If you've recently browsed for kids' educational Apps, what is going on? Some only work if you already have an account. Some are full of cartoon characters, progress bars, and collectables. Some seem to be only charts and tables showing progress. The actual activity, when you can find it, looks like flash cards. What is going in? There are two things: some are for the a school market; and there's a theory that education Apps need to feel like games.
Education Apps for school aren't used in the classroom. They're assigned as extra homework, in a parallel system. They often have several grades worth of exercises, over several subjects. They're selected at the school or district level. At that level, evaluating the exercises isn't practical. The main thing these Apps need is reliability. An entire class needs to easily be enrolled and given passwords, and teachers need to be able to quickly check progress for midterms. That's where all of those charts matter.
When you see these Apps for individual download, it's already been assigned and your kid was given a password at school. It doesn't need to sell itself to you -- it's already been sold.
The other idea is that education Apps are competing with games. There's no special reason this would be true, but it's caught on. In theory, your kid has an addictive game on their device, right next to the education App. They don't enjoy learning and you don't monitor their device time very well. The only way they'll open the education App is if it out-games the game.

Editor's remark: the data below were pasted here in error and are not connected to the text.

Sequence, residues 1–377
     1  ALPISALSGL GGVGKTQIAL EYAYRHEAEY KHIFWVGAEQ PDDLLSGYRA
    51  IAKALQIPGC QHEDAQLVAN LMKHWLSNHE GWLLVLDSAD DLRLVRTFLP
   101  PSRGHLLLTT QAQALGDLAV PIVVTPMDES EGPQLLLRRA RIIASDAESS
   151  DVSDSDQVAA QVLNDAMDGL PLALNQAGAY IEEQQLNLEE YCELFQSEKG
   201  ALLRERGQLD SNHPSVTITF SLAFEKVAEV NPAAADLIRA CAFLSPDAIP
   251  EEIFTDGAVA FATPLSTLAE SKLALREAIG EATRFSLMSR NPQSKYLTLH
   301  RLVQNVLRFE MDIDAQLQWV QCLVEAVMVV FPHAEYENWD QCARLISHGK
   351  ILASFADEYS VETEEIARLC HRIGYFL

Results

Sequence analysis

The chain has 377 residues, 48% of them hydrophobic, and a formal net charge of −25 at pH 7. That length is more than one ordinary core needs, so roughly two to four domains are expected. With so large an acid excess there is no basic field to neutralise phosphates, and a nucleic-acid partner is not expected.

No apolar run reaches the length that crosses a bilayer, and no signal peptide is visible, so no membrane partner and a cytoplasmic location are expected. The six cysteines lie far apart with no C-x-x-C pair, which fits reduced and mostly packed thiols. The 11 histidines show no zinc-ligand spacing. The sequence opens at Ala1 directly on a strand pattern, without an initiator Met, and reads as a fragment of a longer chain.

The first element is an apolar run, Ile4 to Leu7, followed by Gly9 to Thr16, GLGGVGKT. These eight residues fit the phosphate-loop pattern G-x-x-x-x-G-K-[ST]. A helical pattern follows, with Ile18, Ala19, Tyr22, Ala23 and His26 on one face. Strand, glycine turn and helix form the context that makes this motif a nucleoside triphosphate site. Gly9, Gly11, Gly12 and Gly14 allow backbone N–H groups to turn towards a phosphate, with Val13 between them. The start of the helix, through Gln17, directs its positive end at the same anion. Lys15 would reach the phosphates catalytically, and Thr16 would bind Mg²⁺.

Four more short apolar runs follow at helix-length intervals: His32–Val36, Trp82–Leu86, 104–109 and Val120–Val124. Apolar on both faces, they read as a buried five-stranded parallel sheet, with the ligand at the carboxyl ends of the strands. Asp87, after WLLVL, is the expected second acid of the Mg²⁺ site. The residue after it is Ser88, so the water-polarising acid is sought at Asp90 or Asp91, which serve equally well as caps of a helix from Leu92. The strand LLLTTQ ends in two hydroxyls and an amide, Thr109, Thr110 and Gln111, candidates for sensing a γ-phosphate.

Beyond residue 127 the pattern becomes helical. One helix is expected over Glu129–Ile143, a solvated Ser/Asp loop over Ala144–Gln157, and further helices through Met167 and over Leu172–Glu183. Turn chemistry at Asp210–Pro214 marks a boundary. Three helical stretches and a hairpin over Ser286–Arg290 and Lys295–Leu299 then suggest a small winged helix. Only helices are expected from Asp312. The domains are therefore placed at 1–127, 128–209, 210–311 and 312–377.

One trick is having an avatar, like a talking dog that pops up everywhere. Another is being able to repeat exercises to get coins. The coins are used to buy "collectables". These might be different clothing (and hats, glasses, shoes) for the avatar, or pets to stand next to them. There may be an area where you can buy and arrange furniture. It's also important to give lots of praise, like fireworks after each completed exercise. Part of praise is showing progress. Maybe a thermometer which animates filling a little each time with spurts of mercury, or a ring with 6 segments which light up.
Doing that is surprisingly easy. A kid's game typically has a home base, a map with unlockable areas, and short levels which are repeated to collect loot. Often the levels aren't all that much fun, at least not the 4th time, but you need the gold coins. An education App can use all of that, using the education exercises as the levels.
Neither of these are what we expected. They're just what we have. They're made by regular people doing their best to sell us what we seem to want.